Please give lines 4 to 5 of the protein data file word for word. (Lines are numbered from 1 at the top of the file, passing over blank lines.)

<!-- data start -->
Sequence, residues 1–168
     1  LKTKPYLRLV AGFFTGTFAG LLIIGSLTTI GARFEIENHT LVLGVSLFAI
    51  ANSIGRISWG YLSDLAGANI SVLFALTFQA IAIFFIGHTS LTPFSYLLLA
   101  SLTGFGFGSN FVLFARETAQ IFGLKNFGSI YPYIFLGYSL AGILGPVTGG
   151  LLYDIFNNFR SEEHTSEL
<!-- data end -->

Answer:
   101  SLTGFGFGSN FVLFARETAQ IFGLKNFGSI YPYIFLGYSL AGILGPVTGG
   151  LLYDIFNNFR SEEHTSEL